Georgia seized its first lead of the game, 38-31, after scoring 17 unanswered points to open the half. Mayfield, meanwhile, was 2-for-4 for 14 yards in the third quarter after going 13-for-18 for 200 yards in the game’s first 30 minutes. The Sooners tied the score at 38-38 with 8:47 remaining on an 11-yard touchdown catch by fullback Dimitri Flowers. When Oklahoma linebacker Caleb Kelly knocked the ball out of the normally sure-handed Michel’s grasp for a fumble and Sooner safety Steven Parker returned it 46 yards for a touchdown for a 45-38 lead with 6:52 to go, it appeared Oklahoma would survive.

This was Oklahoma’s shot: For Mayfield’s ninth come-from-behind win of the season, his fifth in the second half, and for redemption for those who’d dismissed his team as “Pretenders” before the season.

He didn’t get it.

Chubb took a direct snap and raced for the 2-yard score to tie the game with 55 seconds to go in the fourth quarter.

The Georgia defense stuffed Oklahoma for three downs, Mayfield’s final pass to Anderson falling incomplete.

Georgia’s Blankenship knocked through a 38-yard field goal on the Bulldogs’ first overtime possession to make it 48-45. The Georgia defense was equally stout, holding Oklahoma to gains of four, four and one yard before the Sooners kicked a field goal to make it 48-48.

In the second overtime, an offside penalty against the Bulldogs negated what would have been a Mayfield interception. In their biggest test yet, Georgia’s defense, the No. 4-ranked unit in the FBS this season, held the Sooners to what looked like a sure field goal.

Or so it seemed.

Carter’s bat-away block of Austin Seibert’s 27-yard attempt gave the Bulldogs the ball. Michel’s 27-yard dash gave them the game.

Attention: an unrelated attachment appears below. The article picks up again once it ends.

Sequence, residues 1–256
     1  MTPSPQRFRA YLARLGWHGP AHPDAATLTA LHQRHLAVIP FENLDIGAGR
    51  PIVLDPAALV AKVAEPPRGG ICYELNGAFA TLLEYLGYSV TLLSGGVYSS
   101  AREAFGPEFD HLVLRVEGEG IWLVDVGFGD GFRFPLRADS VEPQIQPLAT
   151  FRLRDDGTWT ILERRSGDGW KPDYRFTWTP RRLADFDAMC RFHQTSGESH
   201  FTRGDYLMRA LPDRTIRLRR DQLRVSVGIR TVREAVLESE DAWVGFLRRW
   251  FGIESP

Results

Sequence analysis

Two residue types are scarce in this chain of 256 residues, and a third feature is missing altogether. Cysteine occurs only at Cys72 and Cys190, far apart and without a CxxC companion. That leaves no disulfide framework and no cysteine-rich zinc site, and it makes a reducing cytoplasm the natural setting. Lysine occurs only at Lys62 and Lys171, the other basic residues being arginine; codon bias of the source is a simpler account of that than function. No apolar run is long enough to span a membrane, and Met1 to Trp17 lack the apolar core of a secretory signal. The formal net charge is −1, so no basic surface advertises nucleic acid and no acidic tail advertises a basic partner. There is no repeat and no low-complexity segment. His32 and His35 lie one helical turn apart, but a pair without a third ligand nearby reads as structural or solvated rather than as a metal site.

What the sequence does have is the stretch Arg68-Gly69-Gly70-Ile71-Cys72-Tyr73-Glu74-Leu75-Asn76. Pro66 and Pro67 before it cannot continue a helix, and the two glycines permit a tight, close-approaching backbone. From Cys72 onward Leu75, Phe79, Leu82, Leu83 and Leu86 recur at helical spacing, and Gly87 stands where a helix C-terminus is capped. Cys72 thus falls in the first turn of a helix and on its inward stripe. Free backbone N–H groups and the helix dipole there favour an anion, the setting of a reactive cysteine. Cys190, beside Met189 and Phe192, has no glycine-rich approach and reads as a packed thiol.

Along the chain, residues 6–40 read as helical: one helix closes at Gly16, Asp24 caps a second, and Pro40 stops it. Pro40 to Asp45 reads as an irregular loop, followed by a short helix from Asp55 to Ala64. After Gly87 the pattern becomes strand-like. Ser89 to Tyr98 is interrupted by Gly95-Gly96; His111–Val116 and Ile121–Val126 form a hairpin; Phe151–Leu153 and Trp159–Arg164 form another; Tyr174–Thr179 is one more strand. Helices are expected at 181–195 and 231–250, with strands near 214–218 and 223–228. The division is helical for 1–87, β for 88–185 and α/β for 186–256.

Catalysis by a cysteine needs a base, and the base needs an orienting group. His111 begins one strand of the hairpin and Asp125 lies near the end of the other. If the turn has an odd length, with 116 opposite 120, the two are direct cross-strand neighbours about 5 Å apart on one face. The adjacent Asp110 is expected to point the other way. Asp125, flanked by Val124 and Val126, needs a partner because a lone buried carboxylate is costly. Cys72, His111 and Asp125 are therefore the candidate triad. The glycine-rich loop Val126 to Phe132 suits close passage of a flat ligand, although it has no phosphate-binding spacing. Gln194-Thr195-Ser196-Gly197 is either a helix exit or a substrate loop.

“The feeling when my hand hit the ball — it’s crazy,” Carter said. “I had to check to make sure it didn’t go through, but once I saw it dropped, it was great.”

In the locker room after Georgia’s narrow escape, Carter clutched a rose over the tattoo on his chest that reads “No man can achieve greatness without family.”

“I didn’t do this alone,” he said.

Carter may have been awash in confetti and camaraderie, but one man who wanted nothing more than to have one last shot at the end zone was Mayfield.

Mayfield, who spent the week battling an undisclosed illness, left Pasadena feeling sick in more ways than one.

“Having this sick taste in your mouth of getting this close but not finishing,” he said. “That’s going to motivate [the young guys] next year.”

The Bulldogs, on the other hand, got it done when it counted.

“We took care of business,” Fromm said, a rose draped over the folded suit on a hanger in his locker.

“We just knew we had to keep fighting,” Carter said. “We wanted to get to Atlanta bad.”

Can Fromm become the first true-freshman quarterback to lead a national championship team since Oklahoma’s Jamelle Holieway in the 1986 Orange Bowl?

Home-field advantage certainly won’t hurt.

“To be able to play in our backyard, that’s just really awesome,” Fromm said.